Interstellar Travel Will Be Achieved With Antimatter Engines
With a constant velocity of 38,000 miles per hour, Voyager 1 has recently reached deep space after 40 years of travelling through the Solar System. If it were to be heading towards Alpha Centauri, the closest solar system to our own, some 4.3 light-years away, it would take it some 76,000 years to get there. To better put things into perspective, human civilisation has been around ever since the advent of agriculture some 12,000 years ago.
But as it turns out, an antimatter engine could bring us to Alfa Centauri in the exact time span it took Voyager 1 to leave the Solar System; 40 years. This statement comes from a company known as Position Dynamics.
“We’re working on a propulsion system based on antimatter that should be able to get us to Alpha Centauri in about 40 years,” Ryan Weed, a physicist and CEO of Positron Dynamics, said in the video. “When you’re talking about an antimatter drive, it’s about 1,000 times more efficient. You can actually accelerate to a significant fraction of the speed of light, which is really a requirement if you want to go to something that’s 4 light-years away.”
The company is now researching how to produce and cool positrons. These positrons are the antimatter equivalent of electrons to normal matter. These positrons are the easiest form of antimatter to create and their interactions with ordinary matter can propel a spaceship to travel at great speeds.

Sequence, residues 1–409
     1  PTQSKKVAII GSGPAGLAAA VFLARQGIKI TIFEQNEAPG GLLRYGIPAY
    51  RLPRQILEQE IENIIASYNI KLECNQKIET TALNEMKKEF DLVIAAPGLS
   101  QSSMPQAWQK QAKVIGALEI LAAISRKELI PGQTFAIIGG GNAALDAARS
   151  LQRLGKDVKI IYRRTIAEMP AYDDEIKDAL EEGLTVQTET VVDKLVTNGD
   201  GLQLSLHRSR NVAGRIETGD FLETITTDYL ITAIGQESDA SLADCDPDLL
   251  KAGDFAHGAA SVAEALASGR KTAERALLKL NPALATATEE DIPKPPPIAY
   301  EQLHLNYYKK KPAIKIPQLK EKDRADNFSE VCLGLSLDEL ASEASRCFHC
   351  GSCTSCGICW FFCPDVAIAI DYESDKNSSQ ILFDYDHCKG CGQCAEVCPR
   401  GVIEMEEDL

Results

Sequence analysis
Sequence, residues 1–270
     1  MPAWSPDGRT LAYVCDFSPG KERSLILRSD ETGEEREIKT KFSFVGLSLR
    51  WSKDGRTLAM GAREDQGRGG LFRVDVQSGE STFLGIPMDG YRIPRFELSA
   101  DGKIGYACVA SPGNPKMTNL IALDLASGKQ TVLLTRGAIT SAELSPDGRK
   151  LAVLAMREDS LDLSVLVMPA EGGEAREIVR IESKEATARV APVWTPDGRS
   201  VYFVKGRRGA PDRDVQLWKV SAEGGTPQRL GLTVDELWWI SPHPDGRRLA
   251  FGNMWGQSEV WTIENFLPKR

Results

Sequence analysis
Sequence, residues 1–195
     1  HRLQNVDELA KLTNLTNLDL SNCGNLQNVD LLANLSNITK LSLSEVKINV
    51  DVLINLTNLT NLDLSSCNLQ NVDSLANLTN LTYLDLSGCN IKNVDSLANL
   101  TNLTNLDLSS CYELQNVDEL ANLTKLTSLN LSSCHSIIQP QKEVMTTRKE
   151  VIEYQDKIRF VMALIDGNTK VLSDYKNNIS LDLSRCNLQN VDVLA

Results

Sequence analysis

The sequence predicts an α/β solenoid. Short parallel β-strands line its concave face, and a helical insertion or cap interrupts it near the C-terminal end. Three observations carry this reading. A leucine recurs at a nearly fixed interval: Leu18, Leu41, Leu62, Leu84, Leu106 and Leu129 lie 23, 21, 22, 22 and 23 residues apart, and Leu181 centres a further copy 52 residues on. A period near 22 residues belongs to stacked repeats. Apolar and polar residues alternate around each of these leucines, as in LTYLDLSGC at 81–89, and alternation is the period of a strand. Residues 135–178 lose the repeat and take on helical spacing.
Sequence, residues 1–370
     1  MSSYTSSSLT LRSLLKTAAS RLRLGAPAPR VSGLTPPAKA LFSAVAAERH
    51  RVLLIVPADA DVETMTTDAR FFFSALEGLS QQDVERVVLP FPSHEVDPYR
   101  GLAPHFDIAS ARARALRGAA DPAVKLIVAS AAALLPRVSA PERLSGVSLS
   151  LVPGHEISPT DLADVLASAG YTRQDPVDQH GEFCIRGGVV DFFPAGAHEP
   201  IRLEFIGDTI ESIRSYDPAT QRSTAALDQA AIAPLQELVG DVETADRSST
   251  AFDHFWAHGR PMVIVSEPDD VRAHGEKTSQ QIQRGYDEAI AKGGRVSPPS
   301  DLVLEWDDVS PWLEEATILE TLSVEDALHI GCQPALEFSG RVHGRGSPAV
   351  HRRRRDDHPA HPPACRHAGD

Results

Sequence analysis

They’re also talking about an effort to launch a telescope to search for potentially habitable planets in the Alpha Centauri system. If such a discovery were to be made then it will prove a definite motivation for a mission there.
“That a habitable planet might exist so close by would be an extraordinary and really transformative discovery,” Bill Diamond, the president and CEO of the SETI (Search for Extraterrestrial Intelligence) Institute in California, said in the video.
The International Astronomical Union recently announced that Alpha Centauri is now officially called Rigel Kentaurus. But it’ll probably take a while for this change to sink in.